Monkey minds also hint at a root cause of today's disheartening apoliticality: people are just in a constant state of distraction. As Mason argued in an interview:
I don't know anyone who's attempting to really say anything in music today. I think, generally, the disappointing thing is the lack of any sort of expression about anything other than what Rhianna wore to the MTV awards. You see people talking about that in interviews as if it were a valid thing to talk about but it's just a way of keeping everyone behind the closed curtains. They know that if people got behind the curtain then – hopefully – some kind of change would happen, once they saw the filthy, disgusting, beast that's running the world!
A small area of urban wilderness on an abandoned railway embankment in Rotterdam Spangen.
In 'The Story of My Heart' (1883) Richard Jefferies coined the term ultra-humanity to describe how
...a great part, perhaps the whole, of nature and of the universe is distinctly anti-human. The term inhuman does not express my meaning, anti-human is better; outre-human, in the sense of beyond, outside, almost grotesque in its attitude towards, would nearly convey it.
John Fowles paid homage to it in 'The Tree' to explain human uneasiness with wilderness, and our impulse to domesticate or destroy it. "It may sound paradoxical," he wrote, "but we shall not cease to be alienated - by our knowledge, by our greed, by our vanity - from nature until we grant it its unconscious alienation from us."
'The Story of My Heart' is a strange book. It could be called a spiritual autobiography, part nature mysticism, part homegrown philosophy - or what Jefferies himself calls "soul-thought". The beginning especially reads like an English 'Walden', but by a writer whose illness made him obsessed with vigor (he even attempts to reason mankind to immortality). The youthful exuberance of novels like 'Bevis' has here become a defiant vitalism, like a tragic character in D.H. Lawrence or Knut Hamsun.
The book contains reminiscences of his experiences in the country and the human "vortex" of London, as well as several chapters of metaphysical speculation. Though these are less surefooted, it's fascinating to follow his struggle with putting the ineffable into words.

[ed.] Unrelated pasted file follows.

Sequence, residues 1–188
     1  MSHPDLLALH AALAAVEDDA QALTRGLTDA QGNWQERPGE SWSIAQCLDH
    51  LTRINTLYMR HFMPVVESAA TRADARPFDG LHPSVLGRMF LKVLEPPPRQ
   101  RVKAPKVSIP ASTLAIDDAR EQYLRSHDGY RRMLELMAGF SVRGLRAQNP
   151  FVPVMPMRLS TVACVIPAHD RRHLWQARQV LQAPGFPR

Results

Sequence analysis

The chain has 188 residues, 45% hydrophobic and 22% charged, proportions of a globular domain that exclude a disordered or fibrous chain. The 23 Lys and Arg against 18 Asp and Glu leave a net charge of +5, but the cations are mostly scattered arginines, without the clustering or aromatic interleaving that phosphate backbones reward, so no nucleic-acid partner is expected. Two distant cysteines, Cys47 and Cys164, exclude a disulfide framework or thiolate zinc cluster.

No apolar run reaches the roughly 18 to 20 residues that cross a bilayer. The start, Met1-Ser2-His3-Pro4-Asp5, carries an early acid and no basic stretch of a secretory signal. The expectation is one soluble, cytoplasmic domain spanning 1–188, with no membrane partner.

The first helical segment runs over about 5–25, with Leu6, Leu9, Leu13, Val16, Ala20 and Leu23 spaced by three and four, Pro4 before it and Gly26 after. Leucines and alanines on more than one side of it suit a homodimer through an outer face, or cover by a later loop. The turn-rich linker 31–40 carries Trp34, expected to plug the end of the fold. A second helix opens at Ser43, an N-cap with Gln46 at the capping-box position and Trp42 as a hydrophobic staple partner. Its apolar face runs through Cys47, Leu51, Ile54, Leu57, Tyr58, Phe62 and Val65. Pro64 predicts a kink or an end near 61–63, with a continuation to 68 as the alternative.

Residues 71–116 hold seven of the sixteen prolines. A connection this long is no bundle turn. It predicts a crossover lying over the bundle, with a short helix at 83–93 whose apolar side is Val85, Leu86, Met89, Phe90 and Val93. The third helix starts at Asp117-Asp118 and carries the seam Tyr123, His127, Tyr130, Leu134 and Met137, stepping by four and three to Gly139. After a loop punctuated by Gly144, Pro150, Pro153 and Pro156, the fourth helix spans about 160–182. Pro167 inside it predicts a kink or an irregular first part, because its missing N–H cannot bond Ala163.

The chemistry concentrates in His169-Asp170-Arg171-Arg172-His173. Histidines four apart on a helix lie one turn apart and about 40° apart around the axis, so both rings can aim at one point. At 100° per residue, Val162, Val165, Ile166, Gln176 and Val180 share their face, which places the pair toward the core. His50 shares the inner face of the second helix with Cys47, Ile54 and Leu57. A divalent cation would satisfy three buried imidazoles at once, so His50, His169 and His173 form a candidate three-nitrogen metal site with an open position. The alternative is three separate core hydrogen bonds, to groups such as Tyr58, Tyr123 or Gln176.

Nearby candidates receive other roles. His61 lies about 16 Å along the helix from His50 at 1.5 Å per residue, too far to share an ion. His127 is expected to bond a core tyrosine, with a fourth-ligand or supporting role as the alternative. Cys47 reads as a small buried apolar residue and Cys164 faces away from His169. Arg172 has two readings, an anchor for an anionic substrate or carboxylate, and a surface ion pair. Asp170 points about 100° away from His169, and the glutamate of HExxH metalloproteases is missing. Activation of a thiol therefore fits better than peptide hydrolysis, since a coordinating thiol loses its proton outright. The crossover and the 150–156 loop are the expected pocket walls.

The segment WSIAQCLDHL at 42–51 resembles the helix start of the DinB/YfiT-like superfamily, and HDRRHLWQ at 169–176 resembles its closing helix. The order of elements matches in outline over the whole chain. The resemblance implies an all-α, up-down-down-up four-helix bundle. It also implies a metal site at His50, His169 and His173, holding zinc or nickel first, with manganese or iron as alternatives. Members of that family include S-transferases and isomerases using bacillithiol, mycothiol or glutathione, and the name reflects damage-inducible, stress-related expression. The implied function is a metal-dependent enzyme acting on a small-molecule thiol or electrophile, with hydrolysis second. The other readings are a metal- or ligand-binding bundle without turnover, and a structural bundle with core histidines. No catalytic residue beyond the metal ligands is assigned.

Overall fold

For Jefferies the idea of ultra-humanity is connected with the lack of design he perceives in nature, in a universe ruled by chance. Hence it also implies the absence of a god. From this atheist position, however, he looks for some controlling instance that is
...not force in the sense of electricity, nor a deity as god, nor a spirit, not even an intelligence, but a power quite different to anything yet imagined.
Here he clearly runs into the limit of expressibility. (This happens several times in the book, until the claim that what he means is "quite different to anything yet imagined" starts sounding a bit childish.) But it's almost as if he wants to deify the physical laws of the universe. Again, he imagines
...a force without a mind. I wish to indicate something more subtle than electricity, but absolutely devoid of consciousness, and with no more feeling than the force which lifts the tides.
His attempt to find a new balance of abstract divinity ultimately fails, simply because the moment he gives his idea any attributes it topples over to one of either sides, physical or divine. For instance when he describes it as "something better than a god. There is something superior, higher, more good" - without realizing this would threaten an infinite regress of "deities all the way up", instead of "turtles all the way down".
'The Story of My Heart' confirmed Jefferies' reputation as both an atheist and a mystic - no doubt equally scandalous in Victorian England. Evelyn Underhill, in her work on mysticism, later reproved him for what he "apprehended in these moments of insight, yet somehow contrived to miss". But his attempt to express his intuitions in his own terms, completely outside the Christian mystical vocabulary, anno 1883, is still heroic.
The earth and sun were to me like my flesh and blood, and the air of the sea life.
With all the greater existence I drew from them I prayed for a bodily life equal to it, for a soul-life beyond my thought, for my inexpressible desire of more than I could shape even into idea. There was something higher than idea, invisible to thought as air to the eye...
Woodcut illustration by Gertrude Hermes (from an aging Penguin).
They started. Mark lifted his spear, Bevis his bow. A deep, low, and slow sound, like thunder, toned from its many mutterings to a mighty sob, filled their ears for a moment. It might have been very distant thunder, or a cannon in the forts far away. It was one of those mysterious sounds that are heard in summer when the sky is clear and the wind soft, and the midsummer hum is loud. They listened, but it did not come again.
"What was that?" said Mark at last.
"I don't know; of course it was something magic."
Richard Jefferies' novel 'Bevis' (1882) has long been a childhood classic, though its unique depiction of the world of boyhood is more about than for children. It also contains some of Jefferies' most lyrical descriptions of nature.